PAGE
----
After Mercedes Benz announced its plans to relocate from Montvale, New Jersey to Atlanta two weeks ago, the speculation began for the reason why. In the end, it appears that the move, which will bring more than 800 jobs to north Fulton County, came as a result of incentives offered the company and metro Atlanta’s location and proximity to Mercedes’ business and business partners.
Let’s start with incentives. According to the Detroit News, the total incentive package offered by the Georgia Department of Economic development amounted to $24,540 per job, or $23.3 million. That number assumes 950 new jobs, slightly more than the initial workforce Mercedes is expected to bring, but certainly within reason. The incentives offered do not include anything from Fulton County, so the total offered may actually be higher, with some sources claiming a number between $40 and $50 million.
But, incentives aren’t everything. That brings us to location. Georgia is already home to Kia in West Point, and the Port of Brunswick, a key transshipment location for vehicles between the U.S. and overseas. Mercedes has a plant a few hours away in Alabama. And Hartsfield-Jackson Airport offers direct flights to and from Stuttgart, the company’s German home.
Another reason is the concentration of automotive suppliers in metro Atlanta, according to Autoblog:
Increasingly, Atlanta has emerged as the capital of this automotive region. Croteau says there are approximately 250 auto-related companies that operate in its vicinity that employ more than 20,000 people and the Center for Automotive Research says Georgia overall has more than 70,000 auto-related jobs throughout the state. Beyond the big names of GM, Porsche and now Mercedes-Benz, it’s suppliers that make up the bulk of the operations.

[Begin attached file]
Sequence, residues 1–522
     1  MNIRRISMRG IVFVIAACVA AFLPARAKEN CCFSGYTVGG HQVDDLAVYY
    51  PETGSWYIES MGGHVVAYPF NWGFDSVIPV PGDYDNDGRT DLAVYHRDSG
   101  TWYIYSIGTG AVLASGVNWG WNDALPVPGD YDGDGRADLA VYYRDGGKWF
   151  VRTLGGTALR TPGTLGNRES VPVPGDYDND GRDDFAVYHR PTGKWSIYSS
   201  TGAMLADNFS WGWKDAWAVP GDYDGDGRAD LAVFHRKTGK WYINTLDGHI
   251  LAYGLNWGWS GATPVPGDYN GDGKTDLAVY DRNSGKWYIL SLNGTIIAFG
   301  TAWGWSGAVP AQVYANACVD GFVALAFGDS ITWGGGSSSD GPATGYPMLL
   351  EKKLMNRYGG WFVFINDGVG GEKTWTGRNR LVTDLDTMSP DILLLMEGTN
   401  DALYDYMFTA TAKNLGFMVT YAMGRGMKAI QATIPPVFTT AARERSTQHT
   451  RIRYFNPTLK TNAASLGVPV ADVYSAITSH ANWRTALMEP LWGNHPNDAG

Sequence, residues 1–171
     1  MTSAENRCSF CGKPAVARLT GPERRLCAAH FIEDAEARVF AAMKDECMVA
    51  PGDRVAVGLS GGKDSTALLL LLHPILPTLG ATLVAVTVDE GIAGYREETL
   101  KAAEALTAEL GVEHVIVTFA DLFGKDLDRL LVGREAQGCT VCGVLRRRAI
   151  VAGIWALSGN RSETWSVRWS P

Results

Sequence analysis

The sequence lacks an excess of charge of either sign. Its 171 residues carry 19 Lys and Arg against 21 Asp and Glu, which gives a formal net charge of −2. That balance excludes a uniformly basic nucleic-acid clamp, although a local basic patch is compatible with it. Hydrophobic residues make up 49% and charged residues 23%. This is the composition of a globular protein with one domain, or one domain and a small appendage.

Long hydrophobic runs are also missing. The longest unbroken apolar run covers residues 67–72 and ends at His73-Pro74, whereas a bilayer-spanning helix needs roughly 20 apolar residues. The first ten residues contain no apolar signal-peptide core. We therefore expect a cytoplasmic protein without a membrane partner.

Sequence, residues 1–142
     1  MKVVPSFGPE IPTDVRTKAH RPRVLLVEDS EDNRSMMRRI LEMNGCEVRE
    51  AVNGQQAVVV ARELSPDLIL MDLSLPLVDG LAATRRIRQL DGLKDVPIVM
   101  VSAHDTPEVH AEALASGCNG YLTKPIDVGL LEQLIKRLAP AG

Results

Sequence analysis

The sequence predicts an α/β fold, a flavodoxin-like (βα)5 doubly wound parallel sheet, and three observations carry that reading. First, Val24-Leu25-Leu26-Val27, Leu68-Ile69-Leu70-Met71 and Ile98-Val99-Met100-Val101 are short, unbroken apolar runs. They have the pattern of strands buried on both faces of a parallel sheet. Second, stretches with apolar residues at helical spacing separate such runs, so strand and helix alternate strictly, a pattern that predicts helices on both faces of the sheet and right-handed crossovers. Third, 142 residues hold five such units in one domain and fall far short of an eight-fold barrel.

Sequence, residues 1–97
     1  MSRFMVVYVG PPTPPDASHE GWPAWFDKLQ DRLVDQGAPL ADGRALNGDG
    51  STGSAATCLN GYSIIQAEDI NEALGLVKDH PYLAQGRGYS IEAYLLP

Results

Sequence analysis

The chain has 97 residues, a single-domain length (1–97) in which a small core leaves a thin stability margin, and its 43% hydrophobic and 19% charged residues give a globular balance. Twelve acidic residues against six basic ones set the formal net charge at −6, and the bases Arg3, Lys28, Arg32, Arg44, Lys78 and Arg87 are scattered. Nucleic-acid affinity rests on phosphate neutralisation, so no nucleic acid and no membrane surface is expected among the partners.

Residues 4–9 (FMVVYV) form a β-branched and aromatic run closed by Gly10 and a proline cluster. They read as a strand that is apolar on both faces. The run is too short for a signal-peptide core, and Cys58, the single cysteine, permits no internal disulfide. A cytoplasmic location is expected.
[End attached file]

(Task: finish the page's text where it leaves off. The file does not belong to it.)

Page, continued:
“We’ve seen tremendous activity from suppliers,” [Tom Croteau, deputy commissioner of global commerce for the Georgia Department of Economic Development] said. “When we look at our portfolio of projects that are active and moving, it’s sometime as high as 40 percent that are coming out of the auto industry or related in some way. Maybe it’s a company that’s both autos and aerospace or a plastics company, but it’s a remarkably high percentage over the past year-and-a-half or two years. So right now, the automotive industry is paramount to us, and we’re paying more attention than ever.”
The Center for Automotive Research study cited in the quote cites Georgia’s workforce development training programs and the alignment of training programs with the needs of employers as a reason so many automotive suppliers are located in the metro Atlanta area.
For Mercedes’ employees, the headquarters location, expected to be in the Sandy Springs area of North Fulton County, offers its own amenities. According to Autoblog, younger employees can live in Atlanta, while those wishing to raise a family can live outside the Perimeter. And, as the graphic from NorthJersey.com points out, the cost of living in Fulton is much lower than that of Bergen County, Mercedes’ former home.
One must wonder, however, if the editors at Autoblog were highlighting a potential issue with moving to the Peach State when they included this picture in their story. It’s the “Walking Dead” view of downtown Atlanta seen as you approach the city on Freedom Parkway at the Jackson Street bridge, apparently taken during last year’s snowmageddon.